How using ‘exergaming’ can improve quality of life in heart failure patients

How using ‘exergaming’ can improve quality of life in heart failure patients

By playing video games involving physical exertion, the quality of life of patients with heart failure is improved, according to a new study presented at Heart Failure 2018 and the World Congress on Acute Heart Failure, a European Society of Cardiology (ESC) congress.

The HF-Wii study assessed the use of video game based exercise (exergaming), to see whether standing in front of a television and playing virtual tennis improves exercise capacity and other outcomes in patients with heart failure.

Talking about this method, professor Tiny Jaarsma of Linkoping University, Sweden, principal investigator of the study, said: “Exergaming is an alternative way for patients with heart failure to be physically active. It increases their fitness and can improve their wellbeing because they can do more in their day-to-day life.”

How was exergaming assessed?

For the study, 600 patients with heart failure were randomly given either exergame or standard exercise advice. Those with the exergame regime were advised to play 30 minutes a day, while the regular exercise group were given the same length of time.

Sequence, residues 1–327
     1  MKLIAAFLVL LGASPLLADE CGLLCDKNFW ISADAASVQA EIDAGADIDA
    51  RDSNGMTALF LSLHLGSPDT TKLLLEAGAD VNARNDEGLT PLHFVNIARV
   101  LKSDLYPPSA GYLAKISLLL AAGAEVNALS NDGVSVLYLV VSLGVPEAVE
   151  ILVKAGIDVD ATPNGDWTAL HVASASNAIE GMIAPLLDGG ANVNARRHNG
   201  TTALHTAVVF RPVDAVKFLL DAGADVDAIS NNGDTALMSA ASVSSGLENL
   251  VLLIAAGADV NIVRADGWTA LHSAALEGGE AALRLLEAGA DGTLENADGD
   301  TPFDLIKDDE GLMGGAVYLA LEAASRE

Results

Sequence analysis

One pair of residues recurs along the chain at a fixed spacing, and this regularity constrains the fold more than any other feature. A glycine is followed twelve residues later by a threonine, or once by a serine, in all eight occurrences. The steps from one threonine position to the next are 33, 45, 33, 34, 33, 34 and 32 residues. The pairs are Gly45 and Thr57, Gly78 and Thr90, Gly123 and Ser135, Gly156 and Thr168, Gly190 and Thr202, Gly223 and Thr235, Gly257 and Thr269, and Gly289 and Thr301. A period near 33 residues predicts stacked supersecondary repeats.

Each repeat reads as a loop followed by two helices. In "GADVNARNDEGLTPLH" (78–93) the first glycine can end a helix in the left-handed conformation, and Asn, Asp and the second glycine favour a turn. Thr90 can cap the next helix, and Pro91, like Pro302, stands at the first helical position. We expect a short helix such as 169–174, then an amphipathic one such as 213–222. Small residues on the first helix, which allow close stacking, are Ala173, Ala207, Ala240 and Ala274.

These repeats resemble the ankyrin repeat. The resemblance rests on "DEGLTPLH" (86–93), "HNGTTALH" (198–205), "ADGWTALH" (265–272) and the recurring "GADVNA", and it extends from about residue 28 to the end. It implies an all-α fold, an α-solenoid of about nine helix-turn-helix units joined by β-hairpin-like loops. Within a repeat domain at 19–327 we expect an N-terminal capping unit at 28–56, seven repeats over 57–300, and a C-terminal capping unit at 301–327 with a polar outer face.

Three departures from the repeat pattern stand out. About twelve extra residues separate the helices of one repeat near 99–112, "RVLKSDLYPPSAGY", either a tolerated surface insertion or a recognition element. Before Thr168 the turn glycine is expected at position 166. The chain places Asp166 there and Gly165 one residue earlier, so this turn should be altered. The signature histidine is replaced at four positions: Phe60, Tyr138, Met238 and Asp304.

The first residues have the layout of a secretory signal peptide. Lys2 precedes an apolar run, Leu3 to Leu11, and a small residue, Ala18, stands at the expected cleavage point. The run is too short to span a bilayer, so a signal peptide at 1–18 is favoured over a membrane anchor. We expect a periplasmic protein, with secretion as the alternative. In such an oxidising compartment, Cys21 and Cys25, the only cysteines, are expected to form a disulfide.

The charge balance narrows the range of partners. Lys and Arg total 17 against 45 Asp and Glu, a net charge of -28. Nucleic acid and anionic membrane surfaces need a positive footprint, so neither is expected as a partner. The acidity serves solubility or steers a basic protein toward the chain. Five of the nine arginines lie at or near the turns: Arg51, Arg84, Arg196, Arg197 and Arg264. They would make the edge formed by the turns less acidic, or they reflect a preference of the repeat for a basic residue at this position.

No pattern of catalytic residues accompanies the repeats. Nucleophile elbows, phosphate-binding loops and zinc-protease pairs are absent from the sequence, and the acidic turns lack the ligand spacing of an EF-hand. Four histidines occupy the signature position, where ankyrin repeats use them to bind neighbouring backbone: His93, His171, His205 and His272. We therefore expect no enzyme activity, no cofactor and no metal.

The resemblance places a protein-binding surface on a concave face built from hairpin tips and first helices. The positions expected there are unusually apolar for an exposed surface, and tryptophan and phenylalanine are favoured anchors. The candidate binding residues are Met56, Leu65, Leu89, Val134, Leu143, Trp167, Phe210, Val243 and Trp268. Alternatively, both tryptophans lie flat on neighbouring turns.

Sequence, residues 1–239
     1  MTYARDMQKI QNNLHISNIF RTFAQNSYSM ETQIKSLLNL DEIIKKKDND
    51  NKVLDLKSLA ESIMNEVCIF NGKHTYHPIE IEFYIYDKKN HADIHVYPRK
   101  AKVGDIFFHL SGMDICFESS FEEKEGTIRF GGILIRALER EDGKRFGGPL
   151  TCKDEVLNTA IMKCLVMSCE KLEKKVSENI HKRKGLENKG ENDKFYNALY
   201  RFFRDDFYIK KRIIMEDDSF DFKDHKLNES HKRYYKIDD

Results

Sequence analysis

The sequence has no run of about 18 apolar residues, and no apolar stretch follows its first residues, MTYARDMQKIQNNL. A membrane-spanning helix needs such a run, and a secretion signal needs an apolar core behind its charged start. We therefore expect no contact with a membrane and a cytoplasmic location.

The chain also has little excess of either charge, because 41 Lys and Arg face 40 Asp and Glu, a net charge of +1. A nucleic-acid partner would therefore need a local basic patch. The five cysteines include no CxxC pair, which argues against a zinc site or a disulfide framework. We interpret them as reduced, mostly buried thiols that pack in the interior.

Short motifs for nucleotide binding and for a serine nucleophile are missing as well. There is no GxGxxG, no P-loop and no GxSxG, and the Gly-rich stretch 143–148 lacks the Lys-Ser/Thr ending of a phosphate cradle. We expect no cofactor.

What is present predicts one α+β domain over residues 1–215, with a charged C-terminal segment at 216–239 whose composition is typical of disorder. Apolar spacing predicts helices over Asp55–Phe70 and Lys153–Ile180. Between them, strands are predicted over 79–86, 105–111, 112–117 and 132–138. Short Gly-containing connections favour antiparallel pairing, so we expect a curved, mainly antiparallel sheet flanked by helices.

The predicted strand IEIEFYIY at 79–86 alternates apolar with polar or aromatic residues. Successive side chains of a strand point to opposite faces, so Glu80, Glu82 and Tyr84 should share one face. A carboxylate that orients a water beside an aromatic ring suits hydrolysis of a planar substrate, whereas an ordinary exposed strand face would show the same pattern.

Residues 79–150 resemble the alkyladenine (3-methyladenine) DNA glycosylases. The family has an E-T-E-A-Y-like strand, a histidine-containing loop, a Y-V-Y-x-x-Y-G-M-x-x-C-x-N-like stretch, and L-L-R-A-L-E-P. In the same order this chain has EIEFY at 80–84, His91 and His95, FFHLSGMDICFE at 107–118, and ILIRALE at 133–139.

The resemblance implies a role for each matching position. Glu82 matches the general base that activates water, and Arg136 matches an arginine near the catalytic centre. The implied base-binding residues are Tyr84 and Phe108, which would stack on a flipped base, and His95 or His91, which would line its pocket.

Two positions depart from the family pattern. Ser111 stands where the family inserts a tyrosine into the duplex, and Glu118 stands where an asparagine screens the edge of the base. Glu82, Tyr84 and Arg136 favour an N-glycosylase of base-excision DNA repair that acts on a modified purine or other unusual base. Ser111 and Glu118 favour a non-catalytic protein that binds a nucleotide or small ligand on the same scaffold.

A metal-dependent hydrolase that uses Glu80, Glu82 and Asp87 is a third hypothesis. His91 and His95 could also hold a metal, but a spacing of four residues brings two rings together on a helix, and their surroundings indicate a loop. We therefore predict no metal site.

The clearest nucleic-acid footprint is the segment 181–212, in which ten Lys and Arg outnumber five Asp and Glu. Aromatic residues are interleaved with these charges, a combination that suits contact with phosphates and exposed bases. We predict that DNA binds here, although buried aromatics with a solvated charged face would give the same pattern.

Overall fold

Primary analysis showed that after three months of exergame exercise the group could walk significantly further, 33 metres more on average, than those in the standard exercise group.

Following the assessment of questionnaires on the impact of exergaming on quality of life, anxiety and depression, it was found that the group had greater improvement than the standard exercise group, with the quality of life reaching statistical significance out of the three variables.

An improvement to quality of life

Jaarsma added: “Patients in the exergame group had significantly higher quality of life after three months than those who received standard exercise advice. While there was no statistical difference in anxiety and depression, it was encouraging that playing the exergame did not increase anxiety.”

She continued: “We think quality of life improved with exergaming because patients could walk further and do more activities around the house with those meters gained.

“Patients also told us they felt more included socially. They often played the game with friends, their spouse, or grandchildren – ‘they visit to beat grandmother’, said one patient.”

Is exergaming beneficial?

Jaarsma noted: “While we cannot specify the number of minutes that should be played to achieve the best results, we can say that exergaming can be beneficial for patients with heart failure.”

On behalf of her co-authors, Professor Anna Strömberg and Dr Leonie Klompstra, she concluded: “Exercise is recommended for all patients with heart failure but many don’t do it because they feel too tired to go out, the weather is too bad, or they’re not motivated. Exergaming is an ideal option for some patients.”

Press release: ESC

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